General Motors believes taxpayers could recoup their entire $50 billion investment in the company although the Obama administration still expects the government to take a loss, albeit a smaller one than first thought, on the industry's 2009 bailout.
GM Chief Executive Ed Whitacre told reporters on Wednesday night after meeting with Treasury Secretary Timothy Geithner and House Speaker Nancy Pelosi that GM was making good progress and an initial public offering was a real possibility later this year or in 2011.
"I think the stock could be worth a lot and the taxpayers could get all their money, plus," Whitacre said. "I'm an optimistic guy."
Whitacre's comments came after he announced earlier in the day at a plant in Kansas that GM had fully repaid the balance on more than $8 billion in U.S. and Canadian government loans extended as part of its bankruptcy last year.
"We are encouraged that GM has repaid its debt well ahead of schedule and confident that the company is on a strong path to viability," Geithner said in a statement.
Separately, Chrysler posted a $143 million operating profit in the first quarter and said it was on track to at least break even in 2010 on an operating basis with a stronger cash position.
Chrysler emerged from bankruptcy in June 2009 under the management control of Italy's Fiat SpA . An IPO also is envisioned for Chrysler, although not as soon as GM's.
Edmunds.com senior analyst Michelle Krebs said Fiat/Chrysler "deserves a lot of credit" for progress so far. "It was questionable whether they'd survive 2010, but now the company seems to be on track for better days."
Questions remain, however, about whether Fiat can stem the long-running slide in sales and replenish a depleted product lineup.
The better-than-expected progress at GM and Chrysler have "materially improved" chances the U.S. government will sell its stake in the companies sooner than expected, top White House economic adviser Lawrence Summers said in statement.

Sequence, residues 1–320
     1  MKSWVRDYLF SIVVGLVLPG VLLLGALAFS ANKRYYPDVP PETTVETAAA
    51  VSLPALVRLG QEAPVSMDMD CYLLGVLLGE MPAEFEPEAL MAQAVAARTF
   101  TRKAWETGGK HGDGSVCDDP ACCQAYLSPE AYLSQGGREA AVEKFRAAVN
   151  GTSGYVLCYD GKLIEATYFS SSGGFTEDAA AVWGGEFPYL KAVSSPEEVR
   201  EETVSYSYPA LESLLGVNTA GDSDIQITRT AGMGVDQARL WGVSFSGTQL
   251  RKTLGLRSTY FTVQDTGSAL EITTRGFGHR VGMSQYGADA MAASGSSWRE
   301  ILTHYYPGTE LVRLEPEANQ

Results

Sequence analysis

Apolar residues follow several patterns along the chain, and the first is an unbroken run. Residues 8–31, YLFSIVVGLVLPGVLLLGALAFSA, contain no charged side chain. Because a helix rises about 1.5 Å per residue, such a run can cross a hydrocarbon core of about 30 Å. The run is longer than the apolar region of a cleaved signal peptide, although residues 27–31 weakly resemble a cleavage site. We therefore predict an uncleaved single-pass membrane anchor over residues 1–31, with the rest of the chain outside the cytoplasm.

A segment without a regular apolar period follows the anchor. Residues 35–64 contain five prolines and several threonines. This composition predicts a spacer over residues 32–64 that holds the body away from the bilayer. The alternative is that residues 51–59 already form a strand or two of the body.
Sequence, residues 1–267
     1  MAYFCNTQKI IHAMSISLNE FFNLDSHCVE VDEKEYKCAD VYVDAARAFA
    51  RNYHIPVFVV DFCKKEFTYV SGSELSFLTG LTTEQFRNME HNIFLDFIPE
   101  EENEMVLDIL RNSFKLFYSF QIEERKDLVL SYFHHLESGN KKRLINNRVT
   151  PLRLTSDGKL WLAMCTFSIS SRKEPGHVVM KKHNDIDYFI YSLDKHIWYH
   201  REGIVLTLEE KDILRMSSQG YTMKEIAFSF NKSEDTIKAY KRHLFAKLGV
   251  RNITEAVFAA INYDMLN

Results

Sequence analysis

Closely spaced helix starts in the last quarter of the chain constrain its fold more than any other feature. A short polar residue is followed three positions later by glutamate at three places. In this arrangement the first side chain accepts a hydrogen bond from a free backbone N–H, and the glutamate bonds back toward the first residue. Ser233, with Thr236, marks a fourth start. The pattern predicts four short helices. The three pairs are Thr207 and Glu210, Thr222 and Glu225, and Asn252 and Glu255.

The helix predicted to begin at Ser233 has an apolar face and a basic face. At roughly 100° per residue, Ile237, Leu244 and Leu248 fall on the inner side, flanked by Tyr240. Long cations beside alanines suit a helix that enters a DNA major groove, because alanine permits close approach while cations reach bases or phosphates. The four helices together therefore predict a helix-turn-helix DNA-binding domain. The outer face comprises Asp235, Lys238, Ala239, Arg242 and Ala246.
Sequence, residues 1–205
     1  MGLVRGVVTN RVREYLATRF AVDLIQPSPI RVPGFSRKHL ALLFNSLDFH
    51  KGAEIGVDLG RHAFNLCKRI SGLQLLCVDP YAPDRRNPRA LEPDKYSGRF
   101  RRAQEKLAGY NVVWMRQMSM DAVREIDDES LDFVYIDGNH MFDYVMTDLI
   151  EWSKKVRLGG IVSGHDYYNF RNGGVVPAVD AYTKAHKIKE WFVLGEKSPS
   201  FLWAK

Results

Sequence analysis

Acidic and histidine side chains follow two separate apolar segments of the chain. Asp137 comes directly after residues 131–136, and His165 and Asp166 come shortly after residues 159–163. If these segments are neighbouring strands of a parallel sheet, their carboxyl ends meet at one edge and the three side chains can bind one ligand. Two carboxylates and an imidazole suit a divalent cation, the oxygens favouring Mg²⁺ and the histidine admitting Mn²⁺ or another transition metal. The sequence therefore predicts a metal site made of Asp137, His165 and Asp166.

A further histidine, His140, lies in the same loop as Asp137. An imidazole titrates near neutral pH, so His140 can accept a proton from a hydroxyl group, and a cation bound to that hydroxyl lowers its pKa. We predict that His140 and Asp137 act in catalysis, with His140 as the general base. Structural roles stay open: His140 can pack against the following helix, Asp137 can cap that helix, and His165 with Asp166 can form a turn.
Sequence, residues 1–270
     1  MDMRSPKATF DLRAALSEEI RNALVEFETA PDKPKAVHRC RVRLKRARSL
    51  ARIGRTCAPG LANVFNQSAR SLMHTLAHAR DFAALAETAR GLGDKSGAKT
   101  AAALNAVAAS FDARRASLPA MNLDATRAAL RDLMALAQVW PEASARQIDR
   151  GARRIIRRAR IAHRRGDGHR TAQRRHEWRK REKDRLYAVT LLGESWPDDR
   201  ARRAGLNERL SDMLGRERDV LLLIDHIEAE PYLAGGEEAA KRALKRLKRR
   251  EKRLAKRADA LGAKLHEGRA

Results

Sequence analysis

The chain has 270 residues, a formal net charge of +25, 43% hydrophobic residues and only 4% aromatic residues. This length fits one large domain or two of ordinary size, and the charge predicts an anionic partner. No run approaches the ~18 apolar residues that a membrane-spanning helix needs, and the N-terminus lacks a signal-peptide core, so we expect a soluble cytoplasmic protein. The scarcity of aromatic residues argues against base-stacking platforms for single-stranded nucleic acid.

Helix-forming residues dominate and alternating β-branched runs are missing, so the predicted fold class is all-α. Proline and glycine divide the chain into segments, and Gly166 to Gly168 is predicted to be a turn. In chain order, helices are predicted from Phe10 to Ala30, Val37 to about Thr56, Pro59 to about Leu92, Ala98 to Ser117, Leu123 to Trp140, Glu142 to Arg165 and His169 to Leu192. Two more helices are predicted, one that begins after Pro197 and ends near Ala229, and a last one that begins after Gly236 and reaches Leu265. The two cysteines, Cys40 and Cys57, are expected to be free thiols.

In an accompanying government report, overall bailout investments in GM, Chrysler and financing arm GMAC by the Bush and Obama administrations will "likely result in some loss." However, the Treasury Department anticipates the shortfall to be "much lower" than forecast last year.
"We're not out of the woods by any stretch of the imagination. We have seen improvement," White House spokesman Robert Gibbs said.
In addition to the nearly $7 billion in direct loans to GM, the U.S. Treasury extended $43 billion in bailout cash in 2009 -- for a total $50 billion investment.
The non-loan portion of help for GM was converted into equity during its bankruptcy and represents the 60 percent stake in the company owned by the government.
The potential loss on paper to taxpayers on GM alone was once thought to be as high as $30 billion, according to the White House budget office. The projected shortfall is now under $8 billion, according to market calculations.
Updated projections mainly revolve around an analysis of old GM bonds, which have a claim on new equity and today would be worth about $33 billion to the government, figures show.
Other gains include the $6.8 billion value of the loan repayment and roughly $2.2 billion in preferred stock held by the Treasury.
Whitacre, who paid for a chartered plane out of his own pocket to fly to Washington, said the loan repayment does not affect the timing of a possible IPO, and he believes the likelihood GM will make taxpayers whole is very high.
Pelosi said in a statement that GM "must continue on a path" to "ensure that taxpayers recoup their full investment."
Chrysler owes the U.S. government nearly $7 billion in loans out of roughly $12 billion in total aid.
Chrysler has not begun repaying its loan, but payments on principal are not due until 2011. Full repayment is not expected until 2014.
The rest of Chrysler's bailout was converted to equity in the restructured company of which Treasury owns nearly 10 percent.
It is unclear how much of Chrysler's investment the government will wind up recapturing.
Summers said progress by automakers such as GM in repaying bailout funds ahead of schedule was a bright spot for economic recovery, though the auto industry and economy have a long way to go to repair the damage from the recession.
The repaying of the GM loans and the completion earlier in April of full accounting for its results since its emergence from bankruptcy in July 2009, were two key steps GM needed to make toward launching an IPO.
© 2014 Thomson/Reuters. All rights reserved.